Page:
Along with getting tenure, the most important rite of passage in an academic career is the defense of the doctoral dissertation. Across the globe, defenses range from academic inquisitions to folkloristic public events.
Dissertation defenses in the Netherlands fall on the folkloristic end of the spectrum. This is because the defense and conferral of the degree are rolled into one event. The candidate’s family, friends, and department colleagues are in attendance and the eight or so committee members, including the candidate’s major professor, are wearing full academic regalia.
Defenses in the United Kingdom are a decidedly more austere affair involving only the candidate and two external examiners; not even the major professor is allowed present. The examination I participated in took place in a small room in the bowels of a building. After the, successful, defense the candidate’s major professor and two lab mates suddenly appeared in the hallway with champagne glasses and the candidate was toasted. I’ve been to pet funerals that were more festive.
Defenses in the Unites States and Canada are less grim than those in the U.K. The committee is made-up by familiar (and usually friendly) faces from the department and the major professor is present. But they also lack the pomp and circumstance of Dutch defenses. This is because the defense is separated in time and space from the conferral of the degree.
Some countries have their unique traditions. Almost 10 years ago, I was asked to serve as an opponent in a Finnish dissertation defense. I agreed, assuming that a Finnish defense was going to be similar to a folkloristic Dutch defense rather than an American one. (After all, I was repeatedly asked to bring my cap and gown.) I carefully read the dissertation and prepared two questions.
The day before my departure, I was talking to my much-respected senior colleague Al Lang. I told him about my upcoming Finnish adventure, telling him that I would be one of several opponents, assuming he was not familiar with European tradition. No, you’re it Al said. What do you mean, you’re it? I asked. It turned out that Al had been an opponent at a different Finnish university some years before. He told me that the defense was indeed public but that I was the sole opponent and that I was supposed to question the candidate in public for at least an hour and up to however long it took. I quickly ran to my office and generated a whole bunch more questions.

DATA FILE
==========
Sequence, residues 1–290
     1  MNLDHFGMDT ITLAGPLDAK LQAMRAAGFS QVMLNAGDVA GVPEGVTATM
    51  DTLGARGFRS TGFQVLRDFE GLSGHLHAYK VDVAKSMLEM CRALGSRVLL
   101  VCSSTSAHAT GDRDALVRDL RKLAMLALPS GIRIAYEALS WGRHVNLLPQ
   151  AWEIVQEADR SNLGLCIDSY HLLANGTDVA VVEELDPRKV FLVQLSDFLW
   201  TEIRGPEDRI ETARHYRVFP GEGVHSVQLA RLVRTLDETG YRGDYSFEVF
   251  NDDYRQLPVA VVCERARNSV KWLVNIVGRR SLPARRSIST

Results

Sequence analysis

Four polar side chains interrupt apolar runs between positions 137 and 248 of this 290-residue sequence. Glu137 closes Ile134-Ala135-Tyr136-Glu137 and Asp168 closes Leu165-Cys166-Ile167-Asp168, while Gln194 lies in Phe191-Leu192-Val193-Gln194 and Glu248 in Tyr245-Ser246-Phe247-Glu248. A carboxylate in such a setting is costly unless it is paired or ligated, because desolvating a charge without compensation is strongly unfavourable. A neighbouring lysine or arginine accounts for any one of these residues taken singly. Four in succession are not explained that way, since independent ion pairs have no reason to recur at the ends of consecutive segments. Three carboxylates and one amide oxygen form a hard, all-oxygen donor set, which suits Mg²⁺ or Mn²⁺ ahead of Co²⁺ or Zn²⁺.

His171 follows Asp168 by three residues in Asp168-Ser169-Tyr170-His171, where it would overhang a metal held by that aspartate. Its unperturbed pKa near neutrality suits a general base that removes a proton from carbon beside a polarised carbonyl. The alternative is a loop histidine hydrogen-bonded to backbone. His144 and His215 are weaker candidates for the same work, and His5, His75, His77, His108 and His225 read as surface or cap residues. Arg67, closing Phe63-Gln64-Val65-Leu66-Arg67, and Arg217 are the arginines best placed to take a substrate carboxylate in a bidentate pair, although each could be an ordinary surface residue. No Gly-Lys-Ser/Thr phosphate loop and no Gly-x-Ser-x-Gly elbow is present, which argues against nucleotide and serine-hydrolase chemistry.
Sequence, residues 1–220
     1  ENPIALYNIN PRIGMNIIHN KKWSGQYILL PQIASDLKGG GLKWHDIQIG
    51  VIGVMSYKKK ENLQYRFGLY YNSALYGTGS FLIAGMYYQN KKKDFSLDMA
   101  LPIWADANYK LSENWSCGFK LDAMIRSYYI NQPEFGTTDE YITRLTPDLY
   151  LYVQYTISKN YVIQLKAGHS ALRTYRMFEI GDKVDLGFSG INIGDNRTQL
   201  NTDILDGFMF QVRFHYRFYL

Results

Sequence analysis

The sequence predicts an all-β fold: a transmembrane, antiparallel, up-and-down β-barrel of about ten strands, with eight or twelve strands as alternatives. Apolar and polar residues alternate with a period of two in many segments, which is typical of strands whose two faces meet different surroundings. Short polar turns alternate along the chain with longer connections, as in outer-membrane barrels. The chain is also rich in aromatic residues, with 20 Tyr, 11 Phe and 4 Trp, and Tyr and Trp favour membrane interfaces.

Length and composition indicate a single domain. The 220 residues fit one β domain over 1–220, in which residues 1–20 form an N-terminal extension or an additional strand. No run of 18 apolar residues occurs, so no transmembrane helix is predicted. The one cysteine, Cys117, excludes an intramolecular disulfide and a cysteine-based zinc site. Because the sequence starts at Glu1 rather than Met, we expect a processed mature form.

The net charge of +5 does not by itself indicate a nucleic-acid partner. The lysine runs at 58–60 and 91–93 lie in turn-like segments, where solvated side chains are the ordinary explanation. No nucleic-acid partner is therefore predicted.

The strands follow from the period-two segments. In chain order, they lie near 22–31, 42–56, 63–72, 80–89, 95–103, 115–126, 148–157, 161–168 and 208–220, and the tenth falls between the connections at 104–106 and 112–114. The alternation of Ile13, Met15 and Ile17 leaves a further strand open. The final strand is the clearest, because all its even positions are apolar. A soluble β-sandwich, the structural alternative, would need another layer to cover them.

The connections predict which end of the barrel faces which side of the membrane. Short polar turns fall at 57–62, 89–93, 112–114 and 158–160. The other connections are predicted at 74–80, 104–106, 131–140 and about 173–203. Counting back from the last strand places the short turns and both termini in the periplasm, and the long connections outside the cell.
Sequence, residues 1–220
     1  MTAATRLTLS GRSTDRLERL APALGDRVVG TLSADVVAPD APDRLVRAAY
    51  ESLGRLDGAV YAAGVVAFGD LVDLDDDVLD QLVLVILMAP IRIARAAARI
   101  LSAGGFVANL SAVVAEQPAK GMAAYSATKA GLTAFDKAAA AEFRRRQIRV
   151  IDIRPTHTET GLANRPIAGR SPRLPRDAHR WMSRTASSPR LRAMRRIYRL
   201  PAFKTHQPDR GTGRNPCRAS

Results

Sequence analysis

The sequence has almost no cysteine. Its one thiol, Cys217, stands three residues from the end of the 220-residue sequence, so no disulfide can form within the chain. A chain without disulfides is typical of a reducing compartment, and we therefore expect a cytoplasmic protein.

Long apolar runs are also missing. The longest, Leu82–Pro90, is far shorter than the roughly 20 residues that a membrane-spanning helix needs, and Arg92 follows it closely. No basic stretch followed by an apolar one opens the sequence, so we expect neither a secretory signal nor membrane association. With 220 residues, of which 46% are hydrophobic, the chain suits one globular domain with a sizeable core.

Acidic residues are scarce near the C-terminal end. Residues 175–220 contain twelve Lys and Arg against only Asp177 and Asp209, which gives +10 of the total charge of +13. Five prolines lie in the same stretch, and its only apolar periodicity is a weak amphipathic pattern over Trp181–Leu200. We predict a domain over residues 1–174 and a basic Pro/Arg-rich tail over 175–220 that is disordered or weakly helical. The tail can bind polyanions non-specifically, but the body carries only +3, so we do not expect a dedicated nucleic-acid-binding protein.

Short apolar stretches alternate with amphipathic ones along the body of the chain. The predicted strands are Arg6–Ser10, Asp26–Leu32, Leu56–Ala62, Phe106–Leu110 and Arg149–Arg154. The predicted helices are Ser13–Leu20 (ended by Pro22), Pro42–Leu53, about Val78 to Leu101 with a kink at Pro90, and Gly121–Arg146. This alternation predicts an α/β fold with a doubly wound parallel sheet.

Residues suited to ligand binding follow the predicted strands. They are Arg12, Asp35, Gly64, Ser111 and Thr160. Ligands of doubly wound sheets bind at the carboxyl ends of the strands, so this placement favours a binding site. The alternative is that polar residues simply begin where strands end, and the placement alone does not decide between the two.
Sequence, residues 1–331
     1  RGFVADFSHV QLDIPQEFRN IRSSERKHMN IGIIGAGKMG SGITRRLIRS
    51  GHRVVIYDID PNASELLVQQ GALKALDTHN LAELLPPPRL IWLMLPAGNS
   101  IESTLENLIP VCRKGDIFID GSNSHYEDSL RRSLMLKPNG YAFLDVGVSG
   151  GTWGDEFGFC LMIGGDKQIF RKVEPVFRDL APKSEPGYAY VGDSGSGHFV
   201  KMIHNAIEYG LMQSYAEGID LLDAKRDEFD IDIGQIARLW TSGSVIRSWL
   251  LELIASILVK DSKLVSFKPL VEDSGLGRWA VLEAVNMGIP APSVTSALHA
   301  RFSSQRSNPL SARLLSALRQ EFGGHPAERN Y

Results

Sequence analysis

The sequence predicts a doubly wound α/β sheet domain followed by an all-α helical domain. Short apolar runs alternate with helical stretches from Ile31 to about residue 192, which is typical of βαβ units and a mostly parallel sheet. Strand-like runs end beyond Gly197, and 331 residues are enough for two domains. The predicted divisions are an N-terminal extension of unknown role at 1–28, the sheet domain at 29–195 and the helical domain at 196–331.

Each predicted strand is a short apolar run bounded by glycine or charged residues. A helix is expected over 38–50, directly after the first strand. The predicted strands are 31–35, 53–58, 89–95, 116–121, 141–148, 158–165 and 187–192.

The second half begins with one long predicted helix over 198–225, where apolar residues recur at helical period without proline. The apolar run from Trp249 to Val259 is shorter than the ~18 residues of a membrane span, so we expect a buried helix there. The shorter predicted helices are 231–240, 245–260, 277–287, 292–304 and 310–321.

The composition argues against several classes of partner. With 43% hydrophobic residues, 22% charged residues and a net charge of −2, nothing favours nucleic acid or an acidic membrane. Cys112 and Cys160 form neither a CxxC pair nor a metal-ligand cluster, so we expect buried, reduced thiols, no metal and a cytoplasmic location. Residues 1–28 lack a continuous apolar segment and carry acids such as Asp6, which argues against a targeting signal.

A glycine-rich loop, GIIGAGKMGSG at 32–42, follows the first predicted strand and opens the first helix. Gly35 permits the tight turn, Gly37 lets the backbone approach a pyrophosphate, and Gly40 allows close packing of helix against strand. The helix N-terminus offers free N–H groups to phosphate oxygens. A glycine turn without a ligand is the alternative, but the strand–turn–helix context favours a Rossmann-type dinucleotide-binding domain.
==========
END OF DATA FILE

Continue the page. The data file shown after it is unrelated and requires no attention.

Finnish defenses are folkloristic alright but in their own special way, as I soon found out. Right before the defense, the candidate, her promotor, and I gathered in the promotor’s office. He opened an expensive looking box, which contained three glasses. He poured each of us a single malt whisky. We toasted, downed our scotch, and then walked—thus fortified—to the room where the defense was to take place.
To this date, I’m not completely sure if the scotch is an integral part of the Finnish protocol or that it was an idiosyncrasy on the part of the promotor—after all his bookshelves were lined with empty cartons of Laphroig, MacAllan, Talisker, Oban, Aberlour, and Lagavullin— but I kind of hope it is the former (the box looked official enough).
There was one other unexpected twist. Where I was wearing my cap and gown (not exactly my most manly outfit), the promotor was wearing a saber. I felt jealous that I wasn’t issued a cool weapon as well—if not a sabre, then perhaps a crossbow. Or maybe a mace. As it was, I felt seriously outgunned.
The defense went fine, although I felt the pressure to be both critical of the student and at least somewhat entertaining to the audience for over an hour.
Later that day, there was a dinner at which I was to be the guest of honor. Great care was taken to make sure I was the last one to arrive. When I entered the dining room, everyone stood up. I was led to my table. The dinner was a buffet and I was wondering why nobody was getting food. Then I noticed that people were looking at me. I was supposed to to get up first. There were speeches, which were all held in English for my benefit, as I was the only one there who did not speak Finnish. I found this very touching and humbling, although I also felt ill at ease in my role of foreign dignitary.
After the dinner, a band was making preparations and all of a sudden, the candidate said to me Now we have to dance. If she’d said Now we’re going to cut your left pinky off with the saber, I would have been equally pleased. But I was a good sport and danced, as best as was possible for a foreign dignitary. Luckily, the dance floor quickly filled up with other people so I could escape to the bar.
Much alcohol was consumed and the party had moved outdoors. The candidate received presents. I probably was not the only one who was surprised to see that one of her presents was a chainsaw. What with the saber, I could not be completely sure but I still thought it unlikely that it was a Finnish tradition to gift candidates with big power tools after a successful defense.
My confusion was resolved. Apparently, the candidate had inherited a vacation home and needed to clear some trees. She then made preparations to cut a copy of her dissertation, which was lying in the grass. Even after several drinks, I could see that this was a recipe for disaster. I was relieved to see that the plan was 86ed before any damage was done.
Back to our cross-cultural comparisons of doctoral defense traditions. I appreciate the public nature of the Finnish and Dutch defenses. Friends, relatives, and others can get an idea of what the candidate has been doing with their tax money for all these years. I am always moved by the looks of pride in the eyes of the candidate’s parents and grandparents. And I thoroughly enjoy the banter and drinks with colleagues at the reception after a Dutch defense. But I still wonder if this is the best way to organize a doctoral defense.